Gradual Bone Reduction Seen in Some Pill Users

Changes in bone density in oral contraceptive users depends on age and hormone dose

Birth control pills may reduce a woman’s bone density, according to a study published online July 13 in The Journal of Clinical Endocrinology and Metabolism by Group Health Research Institute (GHRI) scientists. Impacts on bone were small, depended on the woman’s age and the pill’s hormone dose, and did not appear until about two years of use. The study size and design allowed the researchers to focus on 14- to 18-year-old teenagers, and to look at how bone density might change when a woman stops using the pill.

GHRI Senior Investigator Delia Scholes, PhD, led the study. Hormones are a key component of bone health, she says, and hormonal contraceptives are a major source of external hormones for women—the pill is the most common birth control method worldwide. A woman’s risk of fractures later in life is influenced by the bone mass she gains in her teens through her 20s, and this age group has the highest use of oral contraceptives. Continue reading

Kebabs, Coca-Cola, Chocolate Contraceptive Myths Still Rampant in UK!

LONDON – If you thought kebabs, Coca-cola or chocolate could be used as oral contraceptives, then think again, for a UK poll has listed the belief as one of the many myths about contraception.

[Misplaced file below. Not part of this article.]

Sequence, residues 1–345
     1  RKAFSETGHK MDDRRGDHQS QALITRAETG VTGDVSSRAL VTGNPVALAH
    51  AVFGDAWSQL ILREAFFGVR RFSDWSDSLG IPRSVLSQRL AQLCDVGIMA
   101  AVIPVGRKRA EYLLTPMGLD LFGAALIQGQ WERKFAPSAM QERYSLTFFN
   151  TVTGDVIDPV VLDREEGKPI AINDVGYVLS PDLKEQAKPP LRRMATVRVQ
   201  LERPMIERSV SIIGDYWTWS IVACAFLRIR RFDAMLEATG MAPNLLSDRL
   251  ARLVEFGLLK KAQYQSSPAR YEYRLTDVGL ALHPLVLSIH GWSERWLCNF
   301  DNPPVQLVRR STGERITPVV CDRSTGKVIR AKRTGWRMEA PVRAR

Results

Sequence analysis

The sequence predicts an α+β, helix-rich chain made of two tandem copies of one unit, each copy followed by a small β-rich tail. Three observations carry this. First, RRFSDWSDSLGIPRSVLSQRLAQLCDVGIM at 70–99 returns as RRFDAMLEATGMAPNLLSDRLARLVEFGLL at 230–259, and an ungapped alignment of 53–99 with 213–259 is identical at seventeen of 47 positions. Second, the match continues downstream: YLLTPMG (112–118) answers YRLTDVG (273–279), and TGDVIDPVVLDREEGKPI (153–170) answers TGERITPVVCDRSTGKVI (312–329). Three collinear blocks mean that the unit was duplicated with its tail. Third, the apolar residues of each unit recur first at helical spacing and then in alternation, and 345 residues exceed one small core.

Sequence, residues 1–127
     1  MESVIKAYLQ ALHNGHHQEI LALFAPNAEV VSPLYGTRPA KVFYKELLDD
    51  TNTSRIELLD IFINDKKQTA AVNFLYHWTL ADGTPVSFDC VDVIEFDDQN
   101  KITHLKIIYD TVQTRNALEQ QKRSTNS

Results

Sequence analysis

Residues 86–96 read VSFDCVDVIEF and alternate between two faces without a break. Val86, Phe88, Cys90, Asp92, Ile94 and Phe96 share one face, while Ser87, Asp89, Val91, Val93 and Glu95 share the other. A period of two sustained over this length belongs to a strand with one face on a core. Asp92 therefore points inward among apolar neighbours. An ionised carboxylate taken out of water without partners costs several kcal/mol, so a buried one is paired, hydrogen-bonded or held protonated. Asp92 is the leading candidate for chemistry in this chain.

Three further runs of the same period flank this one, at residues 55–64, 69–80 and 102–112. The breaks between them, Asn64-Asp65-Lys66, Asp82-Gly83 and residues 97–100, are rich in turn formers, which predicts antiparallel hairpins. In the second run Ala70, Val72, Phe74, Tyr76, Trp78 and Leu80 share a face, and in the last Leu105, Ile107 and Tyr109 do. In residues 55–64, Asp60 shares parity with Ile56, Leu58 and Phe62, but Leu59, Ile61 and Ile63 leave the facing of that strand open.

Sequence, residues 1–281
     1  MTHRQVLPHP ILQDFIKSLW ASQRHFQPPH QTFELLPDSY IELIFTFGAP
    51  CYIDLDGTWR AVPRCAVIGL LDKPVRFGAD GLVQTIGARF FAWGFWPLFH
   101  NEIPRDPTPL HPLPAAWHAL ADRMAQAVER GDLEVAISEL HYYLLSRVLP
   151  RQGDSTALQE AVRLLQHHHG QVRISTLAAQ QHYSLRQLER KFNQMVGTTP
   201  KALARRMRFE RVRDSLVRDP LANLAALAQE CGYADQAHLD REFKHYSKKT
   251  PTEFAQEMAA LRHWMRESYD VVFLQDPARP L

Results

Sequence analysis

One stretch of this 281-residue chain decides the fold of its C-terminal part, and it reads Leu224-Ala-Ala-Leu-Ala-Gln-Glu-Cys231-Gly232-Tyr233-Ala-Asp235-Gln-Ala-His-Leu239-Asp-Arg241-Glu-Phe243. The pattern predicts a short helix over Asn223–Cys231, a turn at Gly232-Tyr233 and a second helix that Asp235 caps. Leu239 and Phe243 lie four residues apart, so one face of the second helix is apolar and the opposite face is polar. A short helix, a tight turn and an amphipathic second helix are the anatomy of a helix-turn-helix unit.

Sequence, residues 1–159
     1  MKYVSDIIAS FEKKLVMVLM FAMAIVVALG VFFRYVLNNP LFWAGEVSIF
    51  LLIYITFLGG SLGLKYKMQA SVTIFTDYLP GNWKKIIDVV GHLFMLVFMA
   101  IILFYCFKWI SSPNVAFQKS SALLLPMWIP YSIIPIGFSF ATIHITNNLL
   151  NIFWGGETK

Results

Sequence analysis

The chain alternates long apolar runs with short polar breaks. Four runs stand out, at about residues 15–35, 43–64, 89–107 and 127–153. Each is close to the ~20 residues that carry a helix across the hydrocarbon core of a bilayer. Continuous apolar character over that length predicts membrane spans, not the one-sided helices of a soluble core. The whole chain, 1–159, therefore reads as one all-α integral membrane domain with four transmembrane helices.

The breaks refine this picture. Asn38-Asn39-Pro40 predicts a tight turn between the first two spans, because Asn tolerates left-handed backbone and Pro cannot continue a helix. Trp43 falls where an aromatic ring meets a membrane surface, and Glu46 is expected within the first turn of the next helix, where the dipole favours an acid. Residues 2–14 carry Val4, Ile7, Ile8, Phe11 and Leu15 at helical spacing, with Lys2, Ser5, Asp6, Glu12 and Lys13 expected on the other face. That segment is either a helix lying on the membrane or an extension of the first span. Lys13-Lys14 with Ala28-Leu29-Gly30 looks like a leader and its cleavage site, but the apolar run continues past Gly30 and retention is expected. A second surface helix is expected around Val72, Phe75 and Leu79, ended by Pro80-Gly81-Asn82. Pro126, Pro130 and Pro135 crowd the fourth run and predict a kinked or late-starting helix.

According to the survey, headed by market research company Opinion Health, sponsored by Bayer Schering Pharma, contraceptive myths may be widespread.

 The survey, which quizzed 1,000 women aged 18 to 50, found that, one in five women had heard of kitchen items, including bread, cling film and even chicken skin, being used as alternative barrier methods, reports the BBC.

 One in 10 women thought that it always takes a number of years to regain fertility after discontinuation of the pill while others believed that the pill could protect them against HIV.

 Dr Annie Evans, Women’s Health Specialist at the Bristol Sexual Health Centre, said: “It is not surprising, given that Britain continues to have the highest unintended pregnancy rate in Europe.”

 Professor Steve Field, Chairman of the Royal of General Practitioners, added: “This is alarming but not surprising. I’ve had complications with patients over the years that have concerned me.

 “The more we can put appropriate information to the public about the availability of different methods of contraception, about their advantages and disadvantages, the better.

 “It is important that access to advice is made as easily as possible for all ages.”